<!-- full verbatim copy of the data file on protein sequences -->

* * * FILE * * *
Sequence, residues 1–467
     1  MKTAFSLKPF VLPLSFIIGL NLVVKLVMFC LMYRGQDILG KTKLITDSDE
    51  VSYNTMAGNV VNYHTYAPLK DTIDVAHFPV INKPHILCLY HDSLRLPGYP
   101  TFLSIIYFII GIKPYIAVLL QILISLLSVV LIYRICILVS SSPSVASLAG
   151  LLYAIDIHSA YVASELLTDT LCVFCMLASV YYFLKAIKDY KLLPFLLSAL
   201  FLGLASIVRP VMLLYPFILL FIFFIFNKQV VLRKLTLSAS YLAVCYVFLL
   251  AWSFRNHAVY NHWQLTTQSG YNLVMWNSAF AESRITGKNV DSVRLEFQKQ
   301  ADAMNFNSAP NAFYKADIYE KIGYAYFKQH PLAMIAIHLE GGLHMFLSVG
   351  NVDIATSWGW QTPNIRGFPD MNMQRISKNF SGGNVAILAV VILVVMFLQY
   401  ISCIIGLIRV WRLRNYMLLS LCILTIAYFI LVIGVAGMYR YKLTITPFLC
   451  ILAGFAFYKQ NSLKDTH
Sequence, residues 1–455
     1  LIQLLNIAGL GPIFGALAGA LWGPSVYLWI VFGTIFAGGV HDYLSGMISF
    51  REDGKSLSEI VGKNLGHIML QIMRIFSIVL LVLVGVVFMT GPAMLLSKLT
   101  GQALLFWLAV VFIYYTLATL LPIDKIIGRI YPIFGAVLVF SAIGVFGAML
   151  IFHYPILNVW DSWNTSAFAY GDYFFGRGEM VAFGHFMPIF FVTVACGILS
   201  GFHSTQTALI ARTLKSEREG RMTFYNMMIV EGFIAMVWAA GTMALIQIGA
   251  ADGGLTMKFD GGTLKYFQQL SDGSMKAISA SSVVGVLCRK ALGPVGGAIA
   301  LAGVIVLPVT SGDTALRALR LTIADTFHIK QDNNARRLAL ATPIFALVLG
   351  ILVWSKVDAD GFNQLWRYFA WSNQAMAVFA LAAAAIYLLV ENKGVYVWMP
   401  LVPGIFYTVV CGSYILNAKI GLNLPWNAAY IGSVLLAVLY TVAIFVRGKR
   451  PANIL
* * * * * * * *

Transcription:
Sequence, residues 1–467
     1  MKTAFSLKPF VLPLSFIIGL NLVVKLVMFC LMYRGQDILG KTKLITDSDE
    51  VSYNTMAGNV VNYHTYAPLK DTIDVAHFPV INKPHILCLY HDSLRLPGYP
   101  TFLSIIYFII GIKPYIAVLL QILISLLSVV LIYRICILVS SSPSVASLAG
   151  LLYAIDIHSA YVASELLTDT LCVFCMLASV YYFLKAIKDY KLLPFLLSAL
   201  FLGLASIVRP VMLLYPFILL FIFFIFNKQV VLRKLTLSAS YLAVCYVFLL
   251  AWSFRNHAVY NHWQLTTQSG YNLVMWNSAF AESRITGKNV DSVRLEFQKQ
   301  ADAMNFNSAP NAFYKADIYE KIGYAYFKQH PLAMIAIHLE GGLHMFLSVG
   351  NVDIATSWGW QTPNIRGFPD MNMQRISKNF SGGNVAILAV VILVVMFLQY
   401  ISCIIGLIRV WRLRNYMLLS LCILTIAYFI LVIGVAGMYR YKLTITPFLC
   451  ILAGFAFYKQ NSLKDTH
Sequence, residues 1–455
     1  LIQLLNIAGL GPIFGALAGA LWGPSVYLWI VFGTIFAGGV HDYLSGMISF
    51  REDGKSLSEI VGKNLGHIML QIMRIFSIVL LVLVGVVFMT GPAMLLSKLT
   101  GQALLFWLAV VFIYYTLATL LPIDKIIGRI YPIFGAVLVF SAIGVFGAML
   151  IFHYPILNVW DSWNTSAFAY GDYFFGRGEM VAFGHFMPIF FVTVACGILS
   201  GFHSTQTALI ARTLKSEREG RMTFYNMMIV EGFIAMVWAA GTMALIQIGA
   251  ADGGLTMKFD GGTLKYFQQL SDGSMKAISA SSVVGVLCRK ALGPVGGAIA
   301  LAGVIVLPVT SGDTALRALR LTIADTFHIK QDNNARRLAL ATPIFALVLG
   351  ILVWSKVDAD GFNQLWRYFA WSNQAMAVFA LAAAAIYLLV ENKGVYVWMP
   401  LVPGIFYTVV CGSYILNAKI GLNLPWNAAY IGSVLLAVLY TVAIFVRGKR
   451  PANIL